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Elife. 2017 Mar 6;6. pii: e22835. doi: 10.7554/eLife.22835.

Novel mechanism of metabolic co-regulation coordinates the biosynthesis of secondary metabolites in Pseudomonas protegens.

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Department of Botany and Plant Pathology, Oregon State University, Corvallis, United States.
Department of Pharmaceutical Sciences, Oregon State University, Corvallis, United States.
US Department of Agriculture, Agricultural Research Service, Horticultural Crops Research Laboratory, Corvallis, United States.


Metabolic co-regulation between biosynthetic pathways for secondary metabolites is common in microbes and can play an important role in microbial interactions. Here, we describe a novel mechanism of metabolic co-regulation in which an intermediate in one pathway is converted into signals that activate a second pathway. Our study focused on the co-regulation of 2,4-diacetylphloroglucinol (DAPG) and pyoluteorin, two antimicrobial metabolites produced by the soil bacterium Pseudomonas protegens. We show that an intermediate in DAPG biosynthesis, phloroglucinol, is transformed by a halogenase encoded in the pyoluteorin gene cluster into mono- and di-chlorinated phloroglucinols. The chlorinated phloroglucinols function as intra- and inter-cellular signals that induce the expression of pyoluteorin biosynthetic genes, pyoluteorin production, and pyoluteorin-mediated inhibition of the plant-pathogenic bacterium Erwinia amylovora. This metabolic co-regulation provides a strategy for P. protegens to optimize the deployment of secondary metabolites with distinct roles in cooperative and competitive microbial interactions.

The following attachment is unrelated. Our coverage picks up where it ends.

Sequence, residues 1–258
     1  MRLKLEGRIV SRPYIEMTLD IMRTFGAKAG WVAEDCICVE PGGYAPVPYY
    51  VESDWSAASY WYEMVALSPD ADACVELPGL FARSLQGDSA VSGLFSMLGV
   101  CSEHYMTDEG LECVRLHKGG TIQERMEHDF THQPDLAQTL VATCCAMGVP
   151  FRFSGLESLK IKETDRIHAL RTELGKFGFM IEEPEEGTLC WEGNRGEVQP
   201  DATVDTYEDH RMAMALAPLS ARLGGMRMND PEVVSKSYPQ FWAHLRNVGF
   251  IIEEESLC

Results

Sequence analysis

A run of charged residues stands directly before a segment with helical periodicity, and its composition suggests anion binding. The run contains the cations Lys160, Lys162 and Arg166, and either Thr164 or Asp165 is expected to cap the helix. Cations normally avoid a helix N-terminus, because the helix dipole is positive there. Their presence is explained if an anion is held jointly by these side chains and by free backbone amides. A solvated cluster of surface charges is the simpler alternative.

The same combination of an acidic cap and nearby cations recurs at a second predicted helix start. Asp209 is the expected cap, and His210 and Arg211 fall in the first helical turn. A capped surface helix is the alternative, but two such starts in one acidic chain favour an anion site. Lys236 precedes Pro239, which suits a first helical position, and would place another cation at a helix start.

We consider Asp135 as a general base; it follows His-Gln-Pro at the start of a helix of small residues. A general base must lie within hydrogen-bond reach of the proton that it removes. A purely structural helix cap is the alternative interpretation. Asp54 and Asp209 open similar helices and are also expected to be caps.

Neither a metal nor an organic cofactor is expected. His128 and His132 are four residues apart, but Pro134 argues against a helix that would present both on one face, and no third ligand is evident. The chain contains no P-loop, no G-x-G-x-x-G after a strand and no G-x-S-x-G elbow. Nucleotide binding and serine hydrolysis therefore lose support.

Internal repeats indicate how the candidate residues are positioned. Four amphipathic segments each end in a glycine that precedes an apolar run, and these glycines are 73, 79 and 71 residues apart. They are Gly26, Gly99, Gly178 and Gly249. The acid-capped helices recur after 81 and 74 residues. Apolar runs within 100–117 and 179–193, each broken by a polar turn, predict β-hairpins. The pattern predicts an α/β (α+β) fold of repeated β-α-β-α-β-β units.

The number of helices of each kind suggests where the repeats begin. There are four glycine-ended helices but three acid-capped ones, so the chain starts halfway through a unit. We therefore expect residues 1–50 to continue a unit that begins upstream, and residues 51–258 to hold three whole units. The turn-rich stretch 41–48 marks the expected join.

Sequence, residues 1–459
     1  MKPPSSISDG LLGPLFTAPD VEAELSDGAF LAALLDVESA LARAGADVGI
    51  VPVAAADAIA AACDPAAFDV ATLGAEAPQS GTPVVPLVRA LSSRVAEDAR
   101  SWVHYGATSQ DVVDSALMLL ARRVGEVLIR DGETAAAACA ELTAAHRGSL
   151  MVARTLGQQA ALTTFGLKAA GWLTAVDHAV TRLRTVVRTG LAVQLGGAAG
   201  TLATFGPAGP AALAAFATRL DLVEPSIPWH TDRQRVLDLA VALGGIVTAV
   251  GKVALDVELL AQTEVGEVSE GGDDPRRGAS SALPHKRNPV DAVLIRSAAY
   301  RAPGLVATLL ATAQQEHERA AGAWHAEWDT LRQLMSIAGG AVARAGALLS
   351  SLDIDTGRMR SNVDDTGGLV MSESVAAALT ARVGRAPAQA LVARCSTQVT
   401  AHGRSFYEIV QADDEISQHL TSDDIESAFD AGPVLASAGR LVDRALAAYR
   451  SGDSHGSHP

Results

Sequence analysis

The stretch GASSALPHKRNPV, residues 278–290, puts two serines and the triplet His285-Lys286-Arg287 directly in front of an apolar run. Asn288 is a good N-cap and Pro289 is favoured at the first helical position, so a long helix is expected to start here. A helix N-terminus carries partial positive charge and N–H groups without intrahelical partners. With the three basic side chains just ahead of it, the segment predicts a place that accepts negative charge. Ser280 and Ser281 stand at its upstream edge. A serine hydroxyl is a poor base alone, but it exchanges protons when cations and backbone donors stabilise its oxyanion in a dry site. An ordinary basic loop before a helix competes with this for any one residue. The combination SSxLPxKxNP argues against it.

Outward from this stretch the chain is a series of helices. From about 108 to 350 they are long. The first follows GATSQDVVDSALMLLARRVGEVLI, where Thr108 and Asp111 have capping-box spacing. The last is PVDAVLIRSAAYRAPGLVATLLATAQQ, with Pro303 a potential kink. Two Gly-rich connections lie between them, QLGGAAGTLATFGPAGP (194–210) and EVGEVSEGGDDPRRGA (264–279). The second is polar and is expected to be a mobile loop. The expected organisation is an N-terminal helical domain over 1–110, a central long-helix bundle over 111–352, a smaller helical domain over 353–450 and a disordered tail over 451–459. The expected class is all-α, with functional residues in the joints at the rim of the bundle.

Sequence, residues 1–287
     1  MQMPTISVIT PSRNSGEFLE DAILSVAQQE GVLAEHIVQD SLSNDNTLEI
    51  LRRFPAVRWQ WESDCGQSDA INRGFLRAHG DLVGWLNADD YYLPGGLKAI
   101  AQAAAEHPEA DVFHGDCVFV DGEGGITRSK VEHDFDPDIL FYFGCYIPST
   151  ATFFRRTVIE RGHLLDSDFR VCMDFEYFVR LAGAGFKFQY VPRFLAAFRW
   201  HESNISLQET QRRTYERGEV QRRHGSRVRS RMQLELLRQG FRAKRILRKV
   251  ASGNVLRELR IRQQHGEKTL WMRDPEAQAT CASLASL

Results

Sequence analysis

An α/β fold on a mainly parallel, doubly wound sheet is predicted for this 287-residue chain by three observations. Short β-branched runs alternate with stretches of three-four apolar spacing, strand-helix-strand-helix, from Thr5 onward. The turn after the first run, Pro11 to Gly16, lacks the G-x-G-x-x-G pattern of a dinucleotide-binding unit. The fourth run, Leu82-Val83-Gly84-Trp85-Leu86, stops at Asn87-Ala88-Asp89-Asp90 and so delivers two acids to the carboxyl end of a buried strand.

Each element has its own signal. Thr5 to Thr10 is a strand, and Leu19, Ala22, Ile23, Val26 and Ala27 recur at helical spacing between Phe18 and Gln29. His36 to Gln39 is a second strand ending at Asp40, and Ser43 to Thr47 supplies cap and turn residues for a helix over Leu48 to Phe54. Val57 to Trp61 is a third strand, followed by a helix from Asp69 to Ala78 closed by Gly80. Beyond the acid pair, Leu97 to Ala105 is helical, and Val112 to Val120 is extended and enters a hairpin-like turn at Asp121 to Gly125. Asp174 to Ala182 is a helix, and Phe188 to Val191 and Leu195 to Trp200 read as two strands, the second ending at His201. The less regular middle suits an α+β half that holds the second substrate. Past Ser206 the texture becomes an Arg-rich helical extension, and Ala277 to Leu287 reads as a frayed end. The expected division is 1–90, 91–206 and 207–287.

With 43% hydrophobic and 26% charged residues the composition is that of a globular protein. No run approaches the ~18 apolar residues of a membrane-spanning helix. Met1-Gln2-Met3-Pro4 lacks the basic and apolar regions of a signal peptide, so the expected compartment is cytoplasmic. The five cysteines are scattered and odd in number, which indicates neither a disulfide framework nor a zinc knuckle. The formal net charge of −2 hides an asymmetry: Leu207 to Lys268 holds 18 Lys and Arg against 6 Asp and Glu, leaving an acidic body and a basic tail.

Pseudomonas protegens; biochemistry; infectious disease; metabolic co-regulation; microbiology; secondary metabolite

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